In 1947, the two founded the journal Sociatry, which later became known as Group Psychotherapy, which published research regarding the social sciences of sociatry, psychodrama, and sociometry. During the 1950s, both Zerka and J.L. Moreno served as adjunct professors at New York University, teaching courses about psychodrama. She was the cofounder of the International Association for Group Psychotherapy and the American Society for Group Psychotherapy and Psychodrama, and spent much of her career traveling for psychotherapy and psychodrama workshops. After J.L. Moreno’s death in 1974, Zerka T. Moreno continued to work as a psychotherapist. With Merlyn S. Pitzele (1911-1995), she continued to attend to patients and offer teaching sessions in Beacon and New York City as well as countless American and international locations. In 1996, she moved to Charlottesville, Virginia, and in 2013, after breaking a hip, moved into a nursing home in 2013 in Rockville, Maryland. She continued to see patients from her bed at the nursing home until shortly before her death.

The collection reflects Moreno’s efforts to lead group psychotherapy sessions and provide instruction in the field of psychodrama. Records include workshop and training records, collected writings and publications, professional activities records, correspondence, personal papers, as well as records pertaining to the management of the Moreno Institute.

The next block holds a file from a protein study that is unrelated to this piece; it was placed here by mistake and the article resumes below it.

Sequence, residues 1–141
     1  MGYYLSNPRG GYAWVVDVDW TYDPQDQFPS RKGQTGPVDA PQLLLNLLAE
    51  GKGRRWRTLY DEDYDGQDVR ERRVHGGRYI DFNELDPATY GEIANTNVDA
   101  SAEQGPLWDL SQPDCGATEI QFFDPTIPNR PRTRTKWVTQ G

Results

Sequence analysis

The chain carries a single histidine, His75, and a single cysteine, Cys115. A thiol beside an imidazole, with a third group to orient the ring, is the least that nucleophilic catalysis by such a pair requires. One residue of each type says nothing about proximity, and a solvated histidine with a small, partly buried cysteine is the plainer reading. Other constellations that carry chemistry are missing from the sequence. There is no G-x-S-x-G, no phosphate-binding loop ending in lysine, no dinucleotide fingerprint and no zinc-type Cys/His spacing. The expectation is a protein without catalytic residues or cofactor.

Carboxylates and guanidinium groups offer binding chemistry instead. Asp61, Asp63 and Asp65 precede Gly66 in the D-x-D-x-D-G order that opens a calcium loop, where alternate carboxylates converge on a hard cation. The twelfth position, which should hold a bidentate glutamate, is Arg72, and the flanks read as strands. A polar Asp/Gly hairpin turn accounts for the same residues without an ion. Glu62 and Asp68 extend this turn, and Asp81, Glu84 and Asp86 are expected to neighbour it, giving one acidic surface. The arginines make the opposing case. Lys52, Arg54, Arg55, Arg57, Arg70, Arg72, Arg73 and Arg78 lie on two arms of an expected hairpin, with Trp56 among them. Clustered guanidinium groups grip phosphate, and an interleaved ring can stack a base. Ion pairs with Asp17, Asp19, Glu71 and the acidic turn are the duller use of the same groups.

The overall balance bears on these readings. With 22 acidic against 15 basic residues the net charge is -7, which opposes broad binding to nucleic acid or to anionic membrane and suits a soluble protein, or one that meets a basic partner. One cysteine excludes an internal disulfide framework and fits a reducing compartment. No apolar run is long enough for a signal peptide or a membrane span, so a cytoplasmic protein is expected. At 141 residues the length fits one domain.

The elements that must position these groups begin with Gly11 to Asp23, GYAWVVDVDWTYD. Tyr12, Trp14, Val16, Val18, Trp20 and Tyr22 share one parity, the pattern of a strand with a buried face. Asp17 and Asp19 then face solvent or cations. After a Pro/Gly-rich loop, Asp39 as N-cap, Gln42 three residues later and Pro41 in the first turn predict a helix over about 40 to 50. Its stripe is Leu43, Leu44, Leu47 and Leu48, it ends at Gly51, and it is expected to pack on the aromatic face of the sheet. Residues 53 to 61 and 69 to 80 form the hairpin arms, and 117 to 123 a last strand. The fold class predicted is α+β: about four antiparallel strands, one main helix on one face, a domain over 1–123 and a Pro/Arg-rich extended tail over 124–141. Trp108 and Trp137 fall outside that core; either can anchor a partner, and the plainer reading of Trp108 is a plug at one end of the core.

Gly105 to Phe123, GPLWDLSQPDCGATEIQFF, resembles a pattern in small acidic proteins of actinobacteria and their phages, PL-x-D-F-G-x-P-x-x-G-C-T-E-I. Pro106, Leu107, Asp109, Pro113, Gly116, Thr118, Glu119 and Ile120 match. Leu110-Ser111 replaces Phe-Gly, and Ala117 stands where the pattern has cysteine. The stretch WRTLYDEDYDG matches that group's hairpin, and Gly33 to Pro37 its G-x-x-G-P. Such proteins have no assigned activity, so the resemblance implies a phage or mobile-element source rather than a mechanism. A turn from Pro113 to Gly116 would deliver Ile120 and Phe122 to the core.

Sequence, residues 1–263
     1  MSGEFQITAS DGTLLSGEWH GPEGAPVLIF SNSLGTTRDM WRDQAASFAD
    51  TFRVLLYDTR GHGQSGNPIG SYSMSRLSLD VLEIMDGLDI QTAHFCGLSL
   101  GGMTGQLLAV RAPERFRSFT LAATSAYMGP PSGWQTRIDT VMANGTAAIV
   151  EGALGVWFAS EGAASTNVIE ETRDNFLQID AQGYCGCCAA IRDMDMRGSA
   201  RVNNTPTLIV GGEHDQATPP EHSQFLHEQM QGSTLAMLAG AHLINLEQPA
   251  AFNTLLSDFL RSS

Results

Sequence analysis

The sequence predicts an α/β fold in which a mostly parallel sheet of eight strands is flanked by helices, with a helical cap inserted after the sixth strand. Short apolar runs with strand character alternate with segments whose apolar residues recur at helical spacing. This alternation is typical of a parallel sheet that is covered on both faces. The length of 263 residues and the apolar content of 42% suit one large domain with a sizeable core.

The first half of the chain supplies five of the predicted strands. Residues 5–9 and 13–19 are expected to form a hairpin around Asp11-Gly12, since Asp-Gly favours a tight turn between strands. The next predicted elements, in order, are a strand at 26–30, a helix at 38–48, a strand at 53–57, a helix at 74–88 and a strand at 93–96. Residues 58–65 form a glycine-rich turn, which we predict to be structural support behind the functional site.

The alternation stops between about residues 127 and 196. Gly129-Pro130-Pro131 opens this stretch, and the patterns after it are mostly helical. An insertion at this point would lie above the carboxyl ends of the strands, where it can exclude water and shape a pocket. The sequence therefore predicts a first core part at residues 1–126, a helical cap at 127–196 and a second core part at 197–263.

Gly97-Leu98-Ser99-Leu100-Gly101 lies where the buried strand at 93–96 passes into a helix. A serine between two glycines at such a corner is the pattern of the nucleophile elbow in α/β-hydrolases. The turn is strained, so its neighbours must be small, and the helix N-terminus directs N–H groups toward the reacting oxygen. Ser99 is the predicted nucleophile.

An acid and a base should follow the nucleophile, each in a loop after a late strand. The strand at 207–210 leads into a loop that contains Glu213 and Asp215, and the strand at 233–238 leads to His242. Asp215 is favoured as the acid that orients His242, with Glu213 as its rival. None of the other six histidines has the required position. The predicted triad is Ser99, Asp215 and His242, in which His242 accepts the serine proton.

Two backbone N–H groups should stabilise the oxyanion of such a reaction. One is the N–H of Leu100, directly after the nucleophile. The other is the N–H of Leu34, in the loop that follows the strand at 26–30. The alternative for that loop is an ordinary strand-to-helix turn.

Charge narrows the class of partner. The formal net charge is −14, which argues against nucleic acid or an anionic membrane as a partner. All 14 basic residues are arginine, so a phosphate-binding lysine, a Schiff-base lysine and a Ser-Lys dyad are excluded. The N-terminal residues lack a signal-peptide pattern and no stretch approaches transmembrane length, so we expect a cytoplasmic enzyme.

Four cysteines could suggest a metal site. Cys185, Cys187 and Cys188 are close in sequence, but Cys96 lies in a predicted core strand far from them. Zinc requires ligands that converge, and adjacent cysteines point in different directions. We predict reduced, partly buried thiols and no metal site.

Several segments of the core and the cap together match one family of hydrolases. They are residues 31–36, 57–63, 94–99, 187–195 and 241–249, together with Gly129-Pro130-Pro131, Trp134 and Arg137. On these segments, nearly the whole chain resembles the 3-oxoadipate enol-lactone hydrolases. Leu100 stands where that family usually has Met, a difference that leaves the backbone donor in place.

The finding aid for the Zerka T. Moreno papers can be found: http://oasis.lib.harvard.edu/oasis/primo?id=med00327.

For information regarding access to this collection, please contact the  Public Services staff.

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Rare Haitian Reports Donated and Digitized For Access

By , November 10, 2017

One of the four reports from the PISP Project, now digitized and available through the Internet Archive.